Why is there a Cloud Ring Around the Moon?

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Why is there a Cloud Ring Around the Moon?

Many of us have experienced the mesmerizing sight of a cloud ring encircling the moon on a clear night. It’s a fascinating phenomenon that often sparks curiosity and intrigue. But what causes this remarkable celestial spectacle?

The Science Behind the Cloud Ring

The cloud ring around the moon is known as a lunar halo or a moon halo. It occurs when moonlight is refracted by ice crystals present in high cirrus clouds, which are composed of tiny frozen water droplets. These ice crystals act as tiny prisms, bending and dispersing the light in various directions.

When moonlight passes through the ice crystals at a particular angle, it refracts and creates the halo effect that we observe. The shape of the halo is usually circular, with an approximate radius of 22 degrees around the moon.

The Role of Ice Crystals

Ice crystals play a crucial role in the formation of lunar halos. These crystals are naturally present in high-altitude clouds, also called cirrus clouds. Cirrus clouds are thin and wispy and often appear at altitudes above 20,000 feet (6,000 meters), where temperatures are extremely cold, allowing water droplets to freeze into ice crystals.

These tiny ice crystals come in various shapes, including hexagonal columns, plates, and even needles. Their geometric structure and the angles they create during light refraction contribute to the formation of the distinctive halo around the moon.

Light Refraction and Scattering

When light passes through a medium, such as air, it undergoes refraction, causing the light rays to bend. This bending depends on the wavelength of the light and the characteristics of the medium. In the case of a lunar halo, the ice crystals act as the medium through which the moonlight passes.

As light enters an ice crystal, it refracts or bends as it changes speed and direction. The refraction occurs because the speed of light is slower in the crystal than in the surrounding air. The bent light rays then exit the crystal surface, resulting in the dispersion of light.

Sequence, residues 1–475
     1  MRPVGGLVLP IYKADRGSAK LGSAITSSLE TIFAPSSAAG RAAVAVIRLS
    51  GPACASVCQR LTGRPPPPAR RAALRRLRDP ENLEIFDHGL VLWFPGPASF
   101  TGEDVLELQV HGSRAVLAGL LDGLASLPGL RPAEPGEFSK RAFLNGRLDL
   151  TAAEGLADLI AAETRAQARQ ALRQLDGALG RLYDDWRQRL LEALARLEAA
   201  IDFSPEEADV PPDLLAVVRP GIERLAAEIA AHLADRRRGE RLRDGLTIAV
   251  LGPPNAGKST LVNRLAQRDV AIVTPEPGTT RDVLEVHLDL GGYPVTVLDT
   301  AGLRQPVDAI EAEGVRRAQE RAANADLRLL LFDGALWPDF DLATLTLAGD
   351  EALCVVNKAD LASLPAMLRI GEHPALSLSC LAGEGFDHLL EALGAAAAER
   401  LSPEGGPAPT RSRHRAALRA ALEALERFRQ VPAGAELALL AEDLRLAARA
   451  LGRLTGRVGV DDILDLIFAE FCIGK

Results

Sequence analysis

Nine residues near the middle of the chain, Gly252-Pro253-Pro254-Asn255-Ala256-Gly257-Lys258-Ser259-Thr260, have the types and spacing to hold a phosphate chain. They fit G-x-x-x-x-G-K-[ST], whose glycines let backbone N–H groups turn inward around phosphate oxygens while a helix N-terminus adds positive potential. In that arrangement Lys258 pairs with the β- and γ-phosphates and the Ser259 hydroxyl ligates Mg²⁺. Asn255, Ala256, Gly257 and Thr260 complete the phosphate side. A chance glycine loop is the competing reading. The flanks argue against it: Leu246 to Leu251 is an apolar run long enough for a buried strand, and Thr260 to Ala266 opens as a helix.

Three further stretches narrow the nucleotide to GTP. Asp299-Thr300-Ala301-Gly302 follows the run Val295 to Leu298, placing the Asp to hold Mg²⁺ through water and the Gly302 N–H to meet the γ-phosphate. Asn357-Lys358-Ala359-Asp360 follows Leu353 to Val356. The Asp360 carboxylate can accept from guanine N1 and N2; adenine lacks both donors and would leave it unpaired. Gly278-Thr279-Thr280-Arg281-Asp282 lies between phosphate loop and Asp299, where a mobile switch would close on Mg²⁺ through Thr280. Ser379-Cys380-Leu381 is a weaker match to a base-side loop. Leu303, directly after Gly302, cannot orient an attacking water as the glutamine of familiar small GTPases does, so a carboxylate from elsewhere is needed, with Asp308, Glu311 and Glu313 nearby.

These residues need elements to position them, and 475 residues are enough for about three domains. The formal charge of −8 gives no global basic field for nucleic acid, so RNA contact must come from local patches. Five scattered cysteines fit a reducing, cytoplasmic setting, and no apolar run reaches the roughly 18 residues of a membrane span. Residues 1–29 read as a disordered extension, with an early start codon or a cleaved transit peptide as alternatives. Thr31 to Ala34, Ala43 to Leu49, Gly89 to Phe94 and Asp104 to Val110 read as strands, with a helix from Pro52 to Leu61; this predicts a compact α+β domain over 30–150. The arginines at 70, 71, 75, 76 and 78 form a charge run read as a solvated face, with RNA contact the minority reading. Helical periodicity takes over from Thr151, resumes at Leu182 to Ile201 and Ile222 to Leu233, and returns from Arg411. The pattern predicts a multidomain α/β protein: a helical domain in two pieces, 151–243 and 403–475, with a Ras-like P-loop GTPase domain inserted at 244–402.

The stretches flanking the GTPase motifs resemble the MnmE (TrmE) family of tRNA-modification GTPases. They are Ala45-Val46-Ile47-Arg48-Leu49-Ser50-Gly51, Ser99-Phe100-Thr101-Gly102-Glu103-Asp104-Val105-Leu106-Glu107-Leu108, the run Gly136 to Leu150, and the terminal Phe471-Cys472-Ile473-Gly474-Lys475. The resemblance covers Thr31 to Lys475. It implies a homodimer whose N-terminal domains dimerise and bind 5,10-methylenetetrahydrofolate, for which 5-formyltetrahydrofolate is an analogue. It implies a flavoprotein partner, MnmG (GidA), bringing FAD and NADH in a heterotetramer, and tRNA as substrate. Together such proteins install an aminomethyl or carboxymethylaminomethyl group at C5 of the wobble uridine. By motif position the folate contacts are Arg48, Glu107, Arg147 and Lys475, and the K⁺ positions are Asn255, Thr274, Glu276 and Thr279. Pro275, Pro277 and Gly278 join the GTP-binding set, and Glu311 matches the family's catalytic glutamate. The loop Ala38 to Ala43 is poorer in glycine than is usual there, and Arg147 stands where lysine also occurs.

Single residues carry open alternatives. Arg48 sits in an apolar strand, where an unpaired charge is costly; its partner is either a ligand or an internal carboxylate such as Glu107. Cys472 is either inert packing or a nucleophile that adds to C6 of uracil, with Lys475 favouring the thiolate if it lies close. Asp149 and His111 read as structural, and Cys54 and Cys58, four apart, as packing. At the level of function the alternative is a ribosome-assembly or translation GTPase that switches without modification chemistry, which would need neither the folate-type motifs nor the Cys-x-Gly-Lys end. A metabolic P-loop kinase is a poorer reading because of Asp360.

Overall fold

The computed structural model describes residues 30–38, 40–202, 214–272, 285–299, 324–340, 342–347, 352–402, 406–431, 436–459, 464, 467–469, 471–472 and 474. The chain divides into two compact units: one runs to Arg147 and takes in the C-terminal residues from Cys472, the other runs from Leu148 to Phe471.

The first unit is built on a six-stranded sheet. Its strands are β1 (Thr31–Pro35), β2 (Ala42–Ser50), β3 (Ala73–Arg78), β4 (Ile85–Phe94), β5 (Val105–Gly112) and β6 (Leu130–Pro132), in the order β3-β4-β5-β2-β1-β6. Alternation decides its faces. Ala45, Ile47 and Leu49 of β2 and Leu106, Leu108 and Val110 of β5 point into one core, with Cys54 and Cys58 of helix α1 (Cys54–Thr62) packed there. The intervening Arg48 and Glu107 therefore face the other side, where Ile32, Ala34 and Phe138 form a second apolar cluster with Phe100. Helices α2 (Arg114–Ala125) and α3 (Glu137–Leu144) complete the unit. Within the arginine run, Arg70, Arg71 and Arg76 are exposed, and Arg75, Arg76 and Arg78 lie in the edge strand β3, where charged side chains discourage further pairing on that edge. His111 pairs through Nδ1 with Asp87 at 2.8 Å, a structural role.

Additionally, the light rays can scatter within the ice crystals, reflecting off the interior crystal surfaces. This scattering further contributes to the dispersion of light, enhancing the halo effect around the moon.

The Formation of the Halo

To understand the specific conditions required for a lunar halo to form, we need to consider two essential factors – the orientation of the ice crystals and the position of the observer.

Firstly, the orientation of the ice crystals is crucial in determining whether a lunar halo will be visible or not. The hexagonal shape of the ice crystals is particularly significant, as it leads to a unique pattern of light refraction. When the hexagonal ice crystals are randomly oriented in the cloud, the collective effect of their refraction creates the circular halo shape.

However, the hexagonal plates must be aligned horizontally to form the 22-degree radius halo around the moon. Vertical alignment would create a similar effect, but with a different angle and shape.

Secondly, the position of the observer also plays a role. To witness a lunar halo, one needs to be positioned between the moon and the cloud of ice crystals. If you happen to be standing directly under the cloud, the halo will not be visible as the light is refracted away from your line of sight.

Other Atmospheric Optical Effects

While the cloud ring around the moon is one of the most common atmospheric optical phenomena, it is not the only one. Several other fascinating phenomena occur due to the interaction of light with various atmospheric conditions.

One of these phenomena is a sun halo, similar to a lunar halo but occurring around the sun. It follows the same principles of ice crystal refraction and scattering. Sun halos typically appear as bright circles around the sun, often accompanied by vibrant colors.

Other atmospheric optical effects include coronas, light pillars, and sun dogs (parhelia). These phenomena are caused by different mechanisms, such as diffraction, reflection, and refraction through water droplets or ice crystals in the atmosphere.


A cloud ring around the moon, or lunar halo, is a captivating sight that occurs due to the refraction and scattering of moonlight by ice crystals present in high cirrus clouds. The hexagonal structure of the ice crystals and their orientation are essential for creating the distinctive circular halo shape. The next time you witness a cloud ring around the moon, take a moment to appreciate the beauty of this atmospheric optical phenomenon.

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Why is there a Cloud Ring Around the Moon?